The referendum split the UK down the middle, but one positive outcome has been the new focus on British trade and the exciting possibilities ahead. Here are some of the many reasons to buy British.
Every time you buy British goods made by talented workers in this country, you are not just keeping British people in jobs but also helping to keep skills alive.
Many of these skills have been handed down from one generation to the next. A company such as Andrena, for instance, employs a hand-picked roster of dedicated master Cabinet makers from Long Eaton. For them, the job is a passion as well as a profession.
If everything is sourced and made in the UK, companies can double and triple-check to make sure that all stages of the service run like clockwork and that everything meets the high-level British safety standard. If anything goes wrong in the process, it is much easier to redress.
Globalisation has provided some amazing opportunities, but it has also changed the mentality of many businesses.
The philosophy has become about making as many goods in as short a time as possible. Many of these goods may be of shoddy quality. There is also a growing ennui with the idea of endless consumerism.
People are adopting a “less is more ethos” and are happy to buy something that’s beautiful but slightly more expensive if it will last longer.
The timber in its raw format.
The UK faces a huge energy challenge. It’s easy to forget the high levels of carbon emissions that come from transport. Buying goods and services created in this country can help to protect the environment for future generations. There are those who claim they don’t notice any change in our climate, but our grandchildren certainly will notice our devastating legacy if we don’t do something now.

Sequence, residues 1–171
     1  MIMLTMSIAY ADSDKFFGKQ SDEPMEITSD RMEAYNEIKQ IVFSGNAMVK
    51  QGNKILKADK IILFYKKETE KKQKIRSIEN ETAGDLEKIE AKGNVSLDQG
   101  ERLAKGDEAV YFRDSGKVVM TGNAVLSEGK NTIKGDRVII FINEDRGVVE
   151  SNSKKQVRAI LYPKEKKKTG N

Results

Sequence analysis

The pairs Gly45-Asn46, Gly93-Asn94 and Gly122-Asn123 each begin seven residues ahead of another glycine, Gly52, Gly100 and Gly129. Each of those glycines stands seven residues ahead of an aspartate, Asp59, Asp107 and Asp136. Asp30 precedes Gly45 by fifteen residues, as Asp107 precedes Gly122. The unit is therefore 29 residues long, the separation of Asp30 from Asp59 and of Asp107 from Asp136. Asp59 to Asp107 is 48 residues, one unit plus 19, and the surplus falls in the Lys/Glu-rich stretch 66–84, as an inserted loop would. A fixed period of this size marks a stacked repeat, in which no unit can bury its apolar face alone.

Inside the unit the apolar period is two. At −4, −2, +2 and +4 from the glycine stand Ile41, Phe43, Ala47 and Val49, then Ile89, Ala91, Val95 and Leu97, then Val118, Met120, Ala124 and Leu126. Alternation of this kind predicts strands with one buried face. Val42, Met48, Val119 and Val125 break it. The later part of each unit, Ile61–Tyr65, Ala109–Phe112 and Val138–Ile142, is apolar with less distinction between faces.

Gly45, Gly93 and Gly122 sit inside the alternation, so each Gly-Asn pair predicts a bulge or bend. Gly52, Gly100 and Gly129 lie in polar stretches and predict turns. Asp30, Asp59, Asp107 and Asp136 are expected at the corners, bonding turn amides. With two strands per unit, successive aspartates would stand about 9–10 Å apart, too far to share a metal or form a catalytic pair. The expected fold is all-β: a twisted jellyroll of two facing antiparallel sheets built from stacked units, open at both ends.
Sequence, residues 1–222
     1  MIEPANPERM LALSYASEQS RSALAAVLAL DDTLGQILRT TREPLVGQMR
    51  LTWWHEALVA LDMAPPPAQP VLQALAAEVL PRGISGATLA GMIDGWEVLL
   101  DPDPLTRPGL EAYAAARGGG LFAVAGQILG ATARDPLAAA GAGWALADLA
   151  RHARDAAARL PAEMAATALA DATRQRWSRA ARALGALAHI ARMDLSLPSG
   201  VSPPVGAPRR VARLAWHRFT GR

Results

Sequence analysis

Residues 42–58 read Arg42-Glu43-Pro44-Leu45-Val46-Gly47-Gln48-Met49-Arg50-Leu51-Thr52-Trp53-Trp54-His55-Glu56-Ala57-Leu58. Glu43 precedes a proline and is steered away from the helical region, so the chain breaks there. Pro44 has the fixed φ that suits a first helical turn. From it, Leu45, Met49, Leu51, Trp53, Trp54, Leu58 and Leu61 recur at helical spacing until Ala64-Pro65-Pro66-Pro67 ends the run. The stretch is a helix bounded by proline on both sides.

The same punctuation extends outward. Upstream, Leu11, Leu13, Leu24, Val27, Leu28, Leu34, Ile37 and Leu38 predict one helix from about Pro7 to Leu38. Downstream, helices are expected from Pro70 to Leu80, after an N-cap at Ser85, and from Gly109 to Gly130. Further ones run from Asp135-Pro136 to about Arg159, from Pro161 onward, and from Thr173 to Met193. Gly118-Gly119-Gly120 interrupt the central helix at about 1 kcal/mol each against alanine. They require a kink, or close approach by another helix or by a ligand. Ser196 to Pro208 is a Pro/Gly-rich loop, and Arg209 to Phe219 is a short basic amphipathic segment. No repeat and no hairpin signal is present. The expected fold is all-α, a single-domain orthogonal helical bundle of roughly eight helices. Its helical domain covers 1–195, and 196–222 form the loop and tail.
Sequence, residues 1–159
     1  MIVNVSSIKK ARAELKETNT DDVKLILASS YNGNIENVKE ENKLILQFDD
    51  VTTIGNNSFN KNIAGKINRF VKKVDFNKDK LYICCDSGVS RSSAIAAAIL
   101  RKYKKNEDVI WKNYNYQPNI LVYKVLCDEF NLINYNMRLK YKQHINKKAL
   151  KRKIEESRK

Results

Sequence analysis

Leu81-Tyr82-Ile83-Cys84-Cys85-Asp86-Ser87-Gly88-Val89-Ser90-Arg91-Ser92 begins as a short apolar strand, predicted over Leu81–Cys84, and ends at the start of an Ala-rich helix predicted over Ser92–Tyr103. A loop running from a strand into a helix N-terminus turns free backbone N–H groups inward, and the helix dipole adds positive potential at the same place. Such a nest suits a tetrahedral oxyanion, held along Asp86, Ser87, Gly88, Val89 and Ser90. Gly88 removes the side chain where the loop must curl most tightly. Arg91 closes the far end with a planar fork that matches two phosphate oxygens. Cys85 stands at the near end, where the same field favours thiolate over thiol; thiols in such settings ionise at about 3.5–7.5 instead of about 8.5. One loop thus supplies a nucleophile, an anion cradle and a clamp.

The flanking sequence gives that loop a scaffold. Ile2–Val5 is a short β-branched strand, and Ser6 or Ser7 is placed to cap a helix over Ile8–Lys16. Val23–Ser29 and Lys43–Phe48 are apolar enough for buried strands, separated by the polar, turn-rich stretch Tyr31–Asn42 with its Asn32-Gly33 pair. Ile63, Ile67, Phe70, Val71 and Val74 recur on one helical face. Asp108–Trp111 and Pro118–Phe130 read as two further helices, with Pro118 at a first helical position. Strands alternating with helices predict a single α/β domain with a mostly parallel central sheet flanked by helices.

By buying in the UK, you don’t have to worry about ethical sourcing. For instance, Ross Fabrics a UK-based company, which creates an extensive range of exclusive quality furnishing fabrics.
Ross Fabrics applies the minimum wage and maintains the high standard of working conditions you’d expect from a British company.
You can’t always be sure what worker hardships have been endured when you buy products from companies that operate cheaply abroad.
If you choose to buy British-made products you will influence others to do the same. One of the biggest problems holding back a resurgence in UK manufacturing has been a skills shortage.
This is starting to change now that there is rising demand for goods with a “Made in Britain” label. Where once this was seen as a warning sign for shoppers, it is increasingly perceived as a promise of quality.
The rough timber is cut to length in the mill. It is then passed through the Moulding machine which cuts the profile and planes the faces.
People have a deep emotional connection with the word “local”. Positive terms such as “quality”, “trustworthy” and “authentic” spring to mind when you think of companies with grass roots in your area.
It’s nice to think of Kenneth and Marina who started Andrena in Hoddesdon, Hertfordshire 1973 determined to make pleasing and high quality furniture to last a lifetime.
Three generations of the Andrena family currently work across all areas of marketing, sales and production and they are proud to be continuing their original concept of an all-British manufacturing process combining traditional manufacturing methods with modern technology to produce furniture that is both attractive and functional.
The planks are then glued together using a Polyurethane glue before being placed in the Cramps. We use this glue as it forms a very strong bond and it expands to fill any slight gaps there may be in the joint.
The top is cut and sanded to shape before being lacquered and waxed.